by Rep. Marty Wilde
State Representative, House District 11
“The deliberations of each house, of committees of each house or joint committees and of committees of the whole, shall be open.”Oregon Constitution, Article IV, Section 14
Last summer, I left the House Democratic Caucus, the body of Democratic lawmakers that sets our legislative priorities and strategy. I could not continue to participate in a caucus that had stopped acting democratically. We had failed to set a positive example of transparency and engagement and stopped supporting laws that returned power to the people we represent. Instead, we let our partisan desire to maintain power override our duty to the people. We owe Oregonians transparency, accountability and support for their role in their own governance.
Since I joined the caucus in 2019 as a freshman legislator, it has become less and less democratic. My fellow Democratic lawmakers and I met privately each day during the legislative session. We debated proposals like the Student Success Act and public pension reform, and we did not even inform the public about the topics of our discussions and preemptive decisions. Our caucus expectation was that we would lock down support for every House election for speaker and speaker pro tem, the House rules, and every procedural vote, whether it was in the people’s interest or not.
Over time, we even stopped debating the issues, as caucuses became a forum for leadership to give orders to ensure the Democratic partisan agenda prevailed over the Republicans’ agenda, regardless of whether it was in the public interest. For instance, the former speaker did not consult with the caucus before making, or breaking, her deal with Republicans on redistricting. Perhaps worst of all, leadership positions were pay to play and filled based on success in fundraising, not merit or expertise. The House Democratic leaders even stopped telling the caucus members about their discussions. In effect, the content and direction of legislation for all of Oregon was decided by a group of 10 or fewer people picked by their ability to raise money, in secret.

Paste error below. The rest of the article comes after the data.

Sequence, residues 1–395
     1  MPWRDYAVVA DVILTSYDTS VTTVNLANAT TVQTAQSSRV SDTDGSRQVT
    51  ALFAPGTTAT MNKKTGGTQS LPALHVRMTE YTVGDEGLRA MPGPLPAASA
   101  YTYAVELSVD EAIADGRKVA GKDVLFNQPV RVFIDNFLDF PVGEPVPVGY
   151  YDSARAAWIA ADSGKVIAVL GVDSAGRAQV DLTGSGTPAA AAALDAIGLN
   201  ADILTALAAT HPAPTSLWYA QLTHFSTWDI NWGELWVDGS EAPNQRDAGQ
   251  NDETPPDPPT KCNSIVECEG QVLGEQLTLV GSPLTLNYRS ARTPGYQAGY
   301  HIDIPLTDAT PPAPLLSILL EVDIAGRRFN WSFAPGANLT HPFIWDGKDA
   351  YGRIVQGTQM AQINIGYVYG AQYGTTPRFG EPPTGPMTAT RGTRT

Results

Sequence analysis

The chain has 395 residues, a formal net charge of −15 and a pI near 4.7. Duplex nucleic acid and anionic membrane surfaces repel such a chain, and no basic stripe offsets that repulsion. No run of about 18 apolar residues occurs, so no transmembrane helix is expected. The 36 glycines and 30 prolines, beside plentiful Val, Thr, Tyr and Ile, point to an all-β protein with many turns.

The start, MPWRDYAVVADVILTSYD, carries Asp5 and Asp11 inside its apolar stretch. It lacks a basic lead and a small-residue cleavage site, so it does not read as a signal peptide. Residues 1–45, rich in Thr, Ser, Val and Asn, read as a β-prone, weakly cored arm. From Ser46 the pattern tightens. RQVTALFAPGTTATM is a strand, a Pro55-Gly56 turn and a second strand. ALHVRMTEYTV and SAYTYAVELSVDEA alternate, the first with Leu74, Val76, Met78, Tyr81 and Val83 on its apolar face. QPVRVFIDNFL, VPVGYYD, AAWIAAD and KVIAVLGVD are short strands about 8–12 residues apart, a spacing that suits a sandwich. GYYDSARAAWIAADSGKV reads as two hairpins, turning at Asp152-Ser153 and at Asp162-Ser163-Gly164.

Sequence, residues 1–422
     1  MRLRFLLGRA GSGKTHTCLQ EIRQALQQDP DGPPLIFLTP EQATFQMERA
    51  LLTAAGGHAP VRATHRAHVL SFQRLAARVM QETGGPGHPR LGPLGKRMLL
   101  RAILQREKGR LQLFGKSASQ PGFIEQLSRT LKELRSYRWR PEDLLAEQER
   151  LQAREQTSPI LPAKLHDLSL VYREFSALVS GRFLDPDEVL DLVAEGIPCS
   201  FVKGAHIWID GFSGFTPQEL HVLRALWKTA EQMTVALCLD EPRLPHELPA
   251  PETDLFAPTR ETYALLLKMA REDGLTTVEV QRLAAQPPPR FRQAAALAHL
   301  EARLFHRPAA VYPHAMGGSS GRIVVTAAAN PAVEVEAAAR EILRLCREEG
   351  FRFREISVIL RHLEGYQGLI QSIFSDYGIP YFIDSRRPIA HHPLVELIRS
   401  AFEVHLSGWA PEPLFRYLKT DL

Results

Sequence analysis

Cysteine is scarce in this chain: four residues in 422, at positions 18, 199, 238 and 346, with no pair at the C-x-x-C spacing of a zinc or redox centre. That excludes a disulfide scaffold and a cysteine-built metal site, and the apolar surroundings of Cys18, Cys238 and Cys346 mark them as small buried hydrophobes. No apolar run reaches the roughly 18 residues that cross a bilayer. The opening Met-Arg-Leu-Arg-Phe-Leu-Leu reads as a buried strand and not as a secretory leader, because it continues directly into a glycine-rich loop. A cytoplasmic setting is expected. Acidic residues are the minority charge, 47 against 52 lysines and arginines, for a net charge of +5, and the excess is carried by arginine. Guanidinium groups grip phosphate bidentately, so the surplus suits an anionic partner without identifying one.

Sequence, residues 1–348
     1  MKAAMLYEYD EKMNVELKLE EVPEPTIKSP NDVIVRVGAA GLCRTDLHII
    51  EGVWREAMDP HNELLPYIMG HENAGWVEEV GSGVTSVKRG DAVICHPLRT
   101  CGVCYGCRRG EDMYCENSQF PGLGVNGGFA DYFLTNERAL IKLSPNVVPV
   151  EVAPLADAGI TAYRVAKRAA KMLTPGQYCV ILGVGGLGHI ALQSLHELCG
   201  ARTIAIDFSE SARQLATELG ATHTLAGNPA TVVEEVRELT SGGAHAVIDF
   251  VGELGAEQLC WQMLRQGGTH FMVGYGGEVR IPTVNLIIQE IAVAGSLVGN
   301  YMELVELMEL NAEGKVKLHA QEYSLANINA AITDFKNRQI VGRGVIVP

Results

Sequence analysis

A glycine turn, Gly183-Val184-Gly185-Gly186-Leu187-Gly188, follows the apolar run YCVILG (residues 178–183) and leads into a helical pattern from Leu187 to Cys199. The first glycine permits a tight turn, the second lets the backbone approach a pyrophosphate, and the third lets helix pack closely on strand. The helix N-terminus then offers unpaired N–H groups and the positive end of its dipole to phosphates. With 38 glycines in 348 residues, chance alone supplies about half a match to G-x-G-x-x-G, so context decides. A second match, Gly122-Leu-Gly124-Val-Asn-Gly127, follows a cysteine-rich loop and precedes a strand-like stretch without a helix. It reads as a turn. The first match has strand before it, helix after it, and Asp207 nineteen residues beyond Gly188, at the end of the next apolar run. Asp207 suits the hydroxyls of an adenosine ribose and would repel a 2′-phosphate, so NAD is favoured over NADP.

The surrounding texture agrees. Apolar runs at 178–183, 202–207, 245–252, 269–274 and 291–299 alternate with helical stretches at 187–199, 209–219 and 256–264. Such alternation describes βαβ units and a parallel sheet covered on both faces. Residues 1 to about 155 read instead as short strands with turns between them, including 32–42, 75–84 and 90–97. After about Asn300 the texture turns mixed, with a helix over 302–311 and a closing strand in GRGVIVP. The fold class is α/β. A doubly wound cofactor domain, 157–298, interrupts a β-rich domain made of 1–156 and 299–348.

We also stopped supporting democratic ideas. After 78% of voters approved campaign finance reform, we failed to pass a bill to implement it. We acquiesced in the blatant gerrymandering of legislative districts by the Oregon Senate. We did nothing to engage non-affiliated voters in primary elections. Campaign finance reform, nonpartisan redistricting and broader voter engagement in the primaries enjoy broad support in the electorate, but we refused to support them.
We stopped exercising meaningful oversight of the executive branch as well. A House proposal to add impeachment of executive officers to the Oregon Constitution passed in 2015 by a vote of 47-12. This year, it failed even to come to the floor, despite the current House speaker’s vote for it in 2015. The caucus wouldn’t even open a public debate on whether to refer it to voters, despite overwhelming public support for the concept. I could not remain in a caucus that had stopped acting democratically.
We owe it to Oregonians to do better. I know our new speaker, Rep. Dan Rayfield of Corvallis, supports a more democratic approach, as he has supported bills for campaign finance reform and ranked choice voting in the past. Unfortunately, he has yet to give his values expression through democratic processes.
When he was asked recently why a popular Republican proposal to stop gerrymandering would not pass this session, his response, according to the Oregon Capitol Chronicle was that we had not had a “robust conversation” about the topic. We can’t have a robust conversation publicly unless we give a bill a hearing. His appointed chair for the House Rules Committee refused to schedule the bill for a public hearing. If he meant that we did not have private conversations, he should recall that transparency should be one of Democrats’ fundamental values.
Similarly, although I twice brokered bipartisan agreements on modest rebalancing of emergency powers between the executive and legislative branches–something voters on both sides of the aisle support–the caucus leadership refused even to hear the bills.
House Republicans have offered several olive branches, in the form of bill concepts that Democrats have historically supported, such as nonpartisan redistricting and executive accountability. Perhaps Republicans wouldn’t support the bills if they were in the majority, but that makes it even more important to lock in progress now for a more democratic Oregon in the future. It is not too late for House Democrats to return to democratic values. We must again put our duty to the people before our loyalty to our party. When the House Democratic Caucus returns to conducting public’s business publicly, insisting on accountability, and supporting democracy, we will all benefit.
I’m still a Democrat. I’m just waiting for my colleagues to remember that they are too.